Leith mayor says city's 105th birthday celebration isn't about Cobb
BISMARCK – When organizers approached the Leith City Council last spring about a 105th anniversary celebration for the small town beleaguered by white supremacist Craig Cobb, council members wanted one assurance.
“Nobody wanted it to be about Cobb,” organizer Peggy Arndt recalled. “You know, back of your mind, it is. He’s never going away. But we never wanted it to be about him.”
So, when former Leith residents and others descend Saturday and Sunday on the Grant County hamlet, Mayor Ryan Schock said there will be no formal acknowledgement of Cobb, his failed plan to turn the town into an all-white enclave or the terrorizing incident last November that landed him in jail and ultimately on four years of supervised probation.
“We’re not even going to try to bring the thing up,” Schock said.
Cobb was sentenced in April after pleading guilty to one felony terrorizing charge and five misdemeanor menacing charges in connection with four incidents in Leith, including an armed patrol of property he had purchased with hopes of attracting like-minded people to help take over the town’s government.
The 62-year-old Cobb recently moved to Sherwood, N.D., a city of about 240 people near the Canadian border, about a 220-mile drive north of Leith.
“I still have all my same beliefs, but I’d like to be left alone,” Cobb said in a phone interview Thursday.
Cobb is prohibited from leaving North Dakota without permission from his probation officer, and the state of Missouri has denied his request to serve out his probation there.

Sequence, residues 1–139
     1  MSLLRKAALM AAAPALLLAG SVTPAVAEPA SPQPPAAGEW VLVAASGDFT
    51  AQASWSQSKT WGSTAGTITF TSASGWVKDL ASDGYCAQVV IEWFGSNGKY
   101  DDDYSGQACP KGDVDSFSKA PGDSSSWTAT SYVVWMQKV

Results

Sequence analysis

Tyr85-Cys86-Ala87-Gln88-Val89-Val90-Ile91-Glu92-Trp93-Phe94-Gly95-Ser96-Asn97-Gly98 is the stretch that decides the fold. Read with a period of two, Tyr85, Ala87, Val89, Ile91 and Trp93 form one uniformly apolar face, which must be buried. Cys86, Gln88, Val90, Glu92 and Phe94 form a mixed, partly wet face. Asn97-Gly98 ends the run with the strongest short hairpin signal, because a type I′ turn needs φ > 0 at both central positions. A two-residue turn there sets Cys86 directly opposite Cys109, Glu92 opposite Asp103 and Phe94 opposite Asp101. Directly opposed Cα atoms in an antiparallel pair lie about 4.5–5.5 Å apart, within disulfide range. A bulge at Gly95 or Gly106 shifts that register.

The terms of his probation also require him to seek and maintain employment or get schooling to help him find a job. He said he hasn’t tried to find a job yet, adding, “I’m pretty sure that they won’t hire me.”
“My job right now is literally real estate investment, because I can flip this house and move somewhere else,” he said, adding he also may just enroll in school online.
Schock said 200 to 500 people are expected to attend the two-day celebration in Leith, a town of about 20 people. He said he’s hoping for a turnout of 300 people, which would rival the crowd that descended on Leith last September to protest National Socialist Movement Commander Jeff Schoep’s visit there in support of Cobb.
Arndt, who lives in Flasher but grew up on a farm south of Leith and considers it her hometown, said she and her sister, Judy Roth, started talking last summer -- before Cobb’s intentions became public -- about having a family reunion or celebration in Leith. Even though the town marked its centennial just five years ago, many of its older former residents are passing away, “so we thought if we’re going to do something, we have to do it pretty soon or they’ll all be gone,” she said.
The Cobb ordeal provided additional motivation.
“At the time, we thought the town needs something happy for a change,” she said.
The celebration kicks off with a parade at 10 a.m. Saturday and will also feature a street fair, ethnic foods, a craft show, Native American dancers and live music to cap off each day’s events. A display in the community center will highlight the town’s history.
Schock said nine buildings in Leith that were dilapidated or condemned by health officials have been demolished in recent months, including the former creamery building that Cobb deeded to Schoep. Swastikas and racist themes that had been painted on trees and buildings around Cobb’s former residence were either painted over or ripped down, Schock said.
“We’ve got the town nice and cleaned up now, and things are kind of back to normal. I think it’s a good way to put an end to it all,” he said of the celebration.